November 7, 2000 was the last day that someone didn’t lose their life while using a Texas road. Each day since someone has died in at least one motor vehicle accident in Texas. Now, the state’s transportation department is trying to end Texas’ road safety woes with a $600 million investment. Officials hope to end all roadway deaths in Texas by 2050.
How Dangerous are Texas’ Roads?
On average, ten people each day have lost their lives on Texas roads. This means that over 67,000 people have died in Texas motor vehicle accidents in the last 19 years. Laura Ryan, a member of the Texas Transportation Commission, told Texas Tribune this problem is unacceptable because of how preventable it is.
“I think as a state we’ve become very numb to it,” said Ryan. “This is probably one of the most deadly situations we have in the state, and it's one of the most controllable situations we have in the state. Ninety percent of the deaths that we’ve had over the 19 years are preventable.”
Texas doesn’t just have a road fatality problem; it’s led the nation in them since 2010. More people live and drive in California, and Texas still outranks that state in fatal car accidents.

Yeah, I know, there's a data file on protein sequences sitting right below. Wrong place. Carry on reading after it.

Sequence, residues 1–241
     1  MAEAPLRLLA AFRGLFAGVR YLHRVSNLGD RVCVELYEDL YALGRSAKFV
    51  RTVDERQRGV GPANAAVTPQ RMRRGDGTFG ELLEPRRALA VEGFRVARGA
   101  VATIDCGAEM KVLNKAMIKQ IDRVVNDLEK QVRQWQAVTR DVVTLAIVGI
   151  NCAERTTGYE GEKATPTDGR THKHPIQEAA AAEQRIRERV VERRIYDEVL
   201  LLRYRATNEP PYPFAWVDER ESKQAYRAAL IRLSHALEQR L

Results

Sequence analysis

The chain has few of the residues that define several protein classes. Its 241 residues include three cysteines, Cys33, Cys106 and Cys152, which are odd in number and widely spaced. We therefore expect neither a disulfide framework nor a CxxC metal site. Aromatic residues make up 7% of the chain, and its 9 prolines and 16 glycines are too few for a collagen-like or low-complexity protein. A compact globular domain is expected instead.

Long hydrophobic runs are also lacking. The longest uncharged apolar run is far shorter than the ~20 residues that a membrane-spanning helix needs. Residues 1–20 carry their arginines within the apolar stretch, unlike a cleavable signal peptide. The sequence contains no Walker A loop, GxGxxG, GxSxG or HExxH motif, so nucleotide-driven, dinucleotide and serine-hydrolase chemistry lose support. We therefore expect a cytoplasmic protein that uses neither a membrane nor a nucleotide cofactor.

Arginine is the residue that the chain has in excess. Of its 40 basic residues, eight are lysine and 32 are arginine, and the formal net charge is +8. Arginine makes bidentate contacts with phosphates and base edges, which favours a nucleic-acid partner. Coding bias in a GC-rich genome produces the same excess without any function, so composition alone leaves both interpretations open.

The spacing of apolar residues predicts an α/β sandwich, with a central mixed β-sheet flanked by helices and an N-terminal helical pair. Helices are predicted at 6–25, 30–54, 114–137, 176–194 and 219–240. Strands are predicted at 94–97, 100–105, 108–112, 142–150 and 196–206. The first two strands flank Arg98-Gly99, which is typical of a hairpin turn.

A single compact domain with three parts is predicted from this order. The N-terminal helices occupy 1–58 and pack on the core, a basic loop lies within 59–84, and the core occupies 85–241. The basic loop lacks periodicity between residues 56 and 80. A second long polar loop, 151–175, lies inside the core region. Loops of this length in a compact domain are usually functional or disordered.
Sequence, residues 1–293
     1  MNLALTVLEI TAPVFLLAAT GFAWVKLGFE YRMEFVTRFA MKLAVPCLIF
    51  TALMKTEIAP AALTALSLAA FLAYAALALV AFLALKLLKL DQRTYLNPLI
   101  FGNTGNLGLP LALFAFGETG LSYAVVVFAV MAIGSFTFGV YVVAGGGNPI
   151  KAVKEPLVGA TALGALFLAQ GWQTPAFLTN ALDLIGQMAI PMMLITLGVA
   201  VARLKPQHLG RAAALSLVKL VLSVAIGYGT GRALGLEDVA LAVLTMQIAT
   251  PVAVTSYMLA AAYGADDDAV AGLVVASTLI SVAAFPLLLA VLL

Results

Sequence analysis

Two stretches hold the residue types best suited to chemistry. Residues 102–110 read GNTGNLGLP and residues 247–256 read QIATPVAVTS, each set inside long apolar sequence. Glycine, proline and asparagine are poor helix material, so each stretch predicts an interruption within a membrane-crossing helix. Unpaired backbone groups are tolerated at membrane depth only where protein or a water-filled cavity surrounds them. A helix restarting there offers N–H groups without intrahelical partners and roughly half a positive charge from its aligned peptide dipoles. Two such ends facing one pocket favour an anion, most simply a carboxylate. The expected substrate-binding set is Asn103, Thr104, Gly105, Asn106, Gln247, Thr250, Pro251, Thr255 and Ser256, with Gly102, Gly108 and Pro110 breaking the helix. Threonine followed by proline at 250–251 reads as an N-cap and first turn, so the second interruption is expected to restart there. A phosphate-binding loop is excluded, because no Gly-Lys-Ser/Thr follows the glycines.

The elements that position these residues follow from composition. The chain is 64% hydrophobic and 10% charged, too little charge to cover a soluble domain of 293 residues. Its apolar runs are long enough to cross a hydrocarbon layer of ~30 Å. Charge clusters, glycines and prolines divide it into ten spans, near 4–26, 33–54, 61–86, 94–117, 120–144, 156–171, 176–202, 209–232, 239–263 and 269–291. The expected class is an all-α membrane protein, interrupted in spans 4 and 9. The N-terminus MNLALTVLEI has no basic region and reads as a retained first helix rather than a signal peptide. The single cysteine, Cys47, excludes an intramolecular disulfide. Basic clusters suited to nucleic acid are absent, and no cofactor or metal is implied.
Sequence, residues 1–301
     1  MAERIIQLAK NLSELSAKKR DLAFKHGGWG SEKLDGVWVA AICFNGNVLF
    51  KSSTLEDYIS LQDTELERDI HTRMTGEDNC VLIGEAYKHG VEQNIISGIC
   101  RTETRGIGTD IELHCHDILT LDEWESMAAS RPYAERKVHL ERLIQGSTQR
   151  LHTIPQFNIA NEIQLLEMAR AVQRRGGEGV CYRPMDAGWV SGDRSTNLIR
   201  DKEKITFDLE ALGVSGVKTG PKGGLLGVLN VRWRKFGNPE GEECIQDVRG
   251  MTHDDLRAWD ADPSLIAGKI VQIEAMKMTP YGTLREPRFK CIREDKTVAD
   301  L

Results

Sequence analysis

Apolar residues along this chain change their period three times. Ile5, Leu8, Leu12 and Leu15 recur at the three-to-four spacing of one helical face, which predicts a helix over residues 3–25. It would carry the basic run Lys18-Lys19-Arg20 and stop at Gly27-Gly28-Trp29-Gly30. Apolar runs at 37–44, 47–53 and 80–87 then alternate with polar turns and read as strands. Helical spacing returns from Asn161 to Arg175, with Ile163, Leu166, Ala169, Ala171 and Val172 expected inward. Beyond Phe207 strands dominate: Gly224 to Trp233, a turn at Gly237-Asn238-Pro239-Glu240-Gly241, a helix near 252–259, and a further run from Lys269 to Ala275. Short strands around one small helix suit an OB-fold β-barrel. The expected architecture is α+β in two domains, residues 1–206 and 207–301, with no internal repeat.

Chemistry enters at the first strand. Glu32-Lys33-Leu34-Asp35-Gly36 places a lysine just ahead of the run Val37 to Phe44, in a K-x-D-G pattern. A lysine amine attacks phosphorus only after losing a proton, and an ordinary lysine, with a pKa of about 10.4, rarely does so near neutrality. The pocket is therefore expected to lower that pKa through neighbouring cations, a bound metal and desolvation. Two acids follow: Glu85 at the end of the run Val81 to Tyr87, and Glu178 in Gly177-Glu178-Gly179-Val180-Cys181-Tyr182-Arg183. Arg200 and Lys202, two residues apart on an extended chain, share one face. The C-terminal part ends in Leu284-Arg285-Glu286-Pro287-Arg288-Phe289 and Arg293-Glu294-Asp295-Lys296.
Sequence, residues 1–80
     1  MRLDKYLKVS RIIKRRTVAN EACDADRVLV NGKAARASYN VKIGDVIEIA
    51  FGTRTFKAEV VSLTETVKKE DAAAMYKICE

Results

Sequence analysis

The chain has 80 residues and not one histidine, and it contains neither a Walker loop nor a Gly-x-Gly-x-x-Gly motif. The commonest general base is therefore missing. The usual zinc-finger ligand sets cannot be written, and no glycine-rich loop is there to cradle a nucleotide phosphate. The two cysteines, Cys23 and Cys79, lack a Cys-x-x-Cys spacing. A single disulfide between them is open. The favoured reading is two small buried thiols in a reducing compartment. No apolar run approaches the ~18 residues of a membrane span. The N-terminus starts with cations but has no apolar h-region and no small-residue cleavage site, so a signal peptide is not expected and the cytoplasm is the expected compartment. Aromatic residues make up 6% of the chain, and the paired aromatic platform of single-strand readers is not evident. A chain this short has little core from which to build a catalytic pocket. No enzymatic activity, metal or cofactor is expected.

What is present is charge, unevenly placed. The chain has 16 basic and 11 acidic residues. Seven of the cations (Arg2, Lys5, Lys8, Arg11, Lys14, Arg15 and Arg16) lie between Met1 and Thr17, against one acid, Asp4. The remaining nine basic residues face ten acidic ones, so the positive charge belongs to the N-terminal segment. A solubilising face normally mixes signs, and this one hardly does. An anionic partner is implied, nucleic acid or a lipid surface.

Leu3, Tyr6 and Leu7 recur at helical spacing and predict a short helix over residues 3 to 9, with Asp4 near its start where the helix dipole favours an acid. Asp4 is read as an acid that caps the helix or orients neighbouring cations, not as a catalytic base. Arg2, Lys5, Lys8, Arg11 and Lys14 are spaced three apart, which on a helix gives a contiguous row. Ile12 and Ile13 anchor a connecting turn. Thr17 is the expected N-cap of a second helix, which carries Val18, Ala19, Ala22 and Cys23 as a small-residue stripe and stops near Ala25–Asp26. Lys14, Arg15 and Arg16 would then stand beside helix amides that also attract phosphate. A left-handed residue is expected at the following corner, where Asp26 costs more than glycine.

How Officials Are Planning to Stop Fatal Accidents
Last May, the Texas Transportation Commission announced that it has a goal of eliminating road fatalities by 2050. It plans on accomplishing this goal with a $600 million budget that will bolster the funds it already uses to increase road safety. The commission will look to stopping some of the most preventable causes of fatal accidents to reach its ambitious goal.
Fatal road issues the new funds will address include:
- Drunk driving
- Failure to stay in a lane
- Rural accidents
- Cyclist & pedestrian safety
Of these incidents, drunk driving is the most prevalent. In 2018, 25.7 percent of fatal crashes involved a person under the influence of alcohol. While this is down from 34.5 percent in 2010, Ryan asserts that last year’s rate is still far too high.
“Yes, we're doing better. And I think that there's been a lot more awareness about drinking and driving. It's still 25 percent, and that's still too many,” commented Ryan.
Are Larger Vehicles Causing More Pedestrian Deaths?
Many experts believe that the increase in pedestrian deaths over the years correlates with the popularity of large trucks and SUVs. Texas has more deadly accidents involving SUVs than it does smaller cars. Fatal pedestrian and cyclist crashes have increased by 40% in Texas. Some safety advocates believe that placing a tax on a vehicle’s weight might decrease fatal pedestrian accidents.